Thu. Jul 18th, 2024

Supreme Court allows Oregon city policy that punishes homeless people for sleeping on public property

By 37ci3 Jun29,2024

WASHINGTON – The Supreme Court On Friday, a small Oregon city rejected a constitutional challenge to ordinances punishing homeless people for sleeping on public property when they have nowhere to go.

In a 6-3 vote along ideological lines with conservatives in the majority, the justices ruled in favor of the city of Grants Pass, saying the measures did not violate the Constitution’s Eighth Amendment, which prohibits cruel or unusual punishment.

A homeless man walks by the tent
Fruitdale Park on March 23, 2024, in Grants Pass, Ore.Jenny Kane / AP

“Homelessness is complex,” Judge Neil Gorsuch wrote in the ruling. “It has many causes. Public policy responses may be required to overcome it. At bottom, the question this case presents is whether the Eighth Amendment gives federal judges the primary responsibility to evaluate those causes and to craft those responses. It does not.”

Gorsuch It added that homeless people may have other defenses against punitive municipal orders that can be raised in other cases. Grants Pass could also be limited by a new state law in Oregon that places limits on the power of cities to fine people for sleeping on public property.

The ruling was met with sharp reaction from liberal Justice Sonia Sotomayor second day in a row He expressed his strong feelings by reading the summary of opposing views in the courtroom.

“Sleep is not a crime, it’s a biological necessity,” he wrote.

The Grants Pass policy was “unconscionable and unconstitutional,” and he said he hoped the court would “play its role in protecting constitutional liberties for the most vulnerable among us” in the future.

The decision overturns a 2022 decision by the 9th Circuit Court of Appeals in favor of a group of homeless people.

That means an ordinance would be put in place that limits the city’s ability to enforce ordinances against people sleeping outside, protected only by blankets and with no other shelter options. The city can now impose other aspects of what it describes as an anti-camping policy, including restrictions on more permanent encampments.

The ordinances prohibit sleeping or camping on public property, but the focus is on people who have no alternative due to a lack of homeless shelters in the city, about 250 miles south of Portland.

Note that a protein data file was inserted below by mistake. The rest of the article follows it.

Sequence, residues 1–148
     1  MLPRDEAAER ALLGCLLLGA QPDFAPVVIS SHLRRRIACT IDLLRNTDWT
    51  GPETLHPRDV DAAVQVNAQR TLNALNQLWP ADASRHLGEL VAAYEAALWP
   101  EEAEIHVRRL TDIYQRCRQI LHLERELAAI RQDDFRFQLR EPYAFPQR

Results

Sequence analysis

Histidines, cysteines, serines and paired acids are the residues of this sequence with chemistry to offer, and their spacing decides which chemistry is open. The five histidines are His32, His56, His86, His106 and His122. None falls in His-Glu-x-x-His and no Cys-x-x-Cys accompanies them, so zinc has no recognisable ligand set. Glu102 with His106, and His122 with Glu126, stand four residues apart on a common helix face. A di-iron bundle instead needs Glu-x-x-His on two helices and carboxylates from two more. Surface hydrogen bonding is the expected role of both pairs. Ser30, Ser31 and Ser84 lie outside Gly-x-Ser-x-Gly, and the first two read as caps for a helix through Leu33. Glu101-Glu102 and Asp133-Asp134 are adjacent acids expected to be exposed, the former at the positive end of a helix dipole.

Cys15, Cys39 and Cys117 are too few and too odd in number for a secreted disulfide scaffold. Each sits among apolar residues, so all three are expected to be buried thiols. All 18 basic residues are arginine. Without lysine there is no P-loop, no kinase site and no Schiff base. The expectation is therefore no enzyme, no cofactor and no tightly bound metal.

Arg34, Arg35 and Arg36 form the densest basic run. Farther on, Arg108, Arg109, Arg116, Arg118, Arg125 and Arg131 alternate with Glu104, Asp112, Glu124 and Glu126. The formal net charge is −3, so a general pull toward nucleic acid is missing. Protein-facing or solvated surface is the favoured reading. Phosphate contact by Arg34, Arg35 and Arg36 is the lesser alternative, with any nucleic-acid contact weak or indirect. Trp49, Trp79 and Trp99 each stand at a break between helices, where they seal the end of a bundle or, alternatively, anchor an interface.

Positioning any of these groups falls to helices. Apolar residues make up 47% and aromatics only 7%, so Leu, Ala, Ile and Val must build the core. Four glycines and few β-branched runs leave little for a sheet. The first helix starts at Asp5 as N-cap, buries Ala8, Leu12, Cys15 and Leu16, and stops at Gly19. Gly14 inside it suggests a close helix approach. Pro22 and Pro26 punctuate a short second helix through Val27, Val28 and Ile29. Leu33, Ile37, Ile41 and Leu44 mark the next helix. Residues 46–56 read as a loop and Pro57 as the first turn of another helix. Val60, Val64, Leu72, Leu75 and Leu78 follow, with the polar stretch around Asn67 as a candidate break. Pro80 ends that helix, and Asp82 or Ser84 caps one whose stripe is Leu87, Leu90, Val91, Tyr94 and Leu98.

“We are disappointed that the majority of the court found that our Constitution allows a city to punish its homeless residents for sleeping outside to survive the cold,” said Ed Johnson, an attorney with the Oregon Law Center, which represents the plaintiffs.

Demonstrators hold signs and use reflective blankets.
Demonstrators hold signs and use reflective blankets during a protest outside the US Supreme Court in April.Saul Loeb/AFP via Getty Images

Penalties at issue in the case can include fines of up to several hundred dollars and bans from removing people from public property.

Advocates for the homeless say the ordinances punish people for existing when they have nowhere else to go, and the measures do nothing to address the housing shortage.

Cities already have the authority to regulate homeless encampments, they added, not the issue before the Supreme Court.

Moreover, their attorneys argued, the ordinances would only serve to shift the burden of serving the homeless population onto neighboring jurisdictions.

Advocates provide food, hot meals, supplies and necessities for the homeless community.
Homeless advocates deliver goods to hundreds of homeless people in Grants Pass, Oregon, in March.Melina Mara / The Washington Post via Getty Images file

Grants Pass officials released a statement on the city’s website saying they are “grateful that the court decision will help guide our next steps regarding homeless members of our community.”

The city is “committed to helping residents who are struggling to find stable housing,” the statement said.

The appeals court ruling applied to all nine states under its jurisdiction, including California. Several of these states have large homeless populations.

Local officials from Los Angeles, San Francisco, Phoenix and other cities are among those asking the Supreme Court to overturn the appeals court.

The Biden administration a short saying that laws prohibiting either party from sleeping on public property are illegal “if they are applied in a way that prevents a person without shelter from living in the jurisdiction.”

Protester in hand
A protester against public drug use in parks demonstrates outside Grants Pass City Hall in March.Jenny Kane / AP

The appeals court ruled 2-1 that Grants Pass “cannot enforce its anti-camping ordinance against homeless people to sleep outside with rudimentary protection from the elements or to sleep in their cars overnight when there is no other place to go” in the city.

The court added that the ruling applies only in cases where there is “no place of refuge”.

The ruling largely upheld a federal judge’s order that limited the city’s ability to enforce ordinances against certain homeless people who sleep overnight in parks.

Camp site for homeless people in the park.
Camping in a park in Grants Pass, Oregon in March.Jenny Kane / AP

The case arose after a group of homeless people protested the implementation of the ordinances. They say there is there is no shelterso they have little choice but to sleep outside.

City officials argued in court that the ordinances are legal and intended to prevent the proliferation of homeless encampments.

Officials say their policy is intended to encourage homeless people to seek housing, even though the city itself has no shelters. It directs people to an organization run by a religious organization that has limited space and imposes conditions that some homeless people object to.

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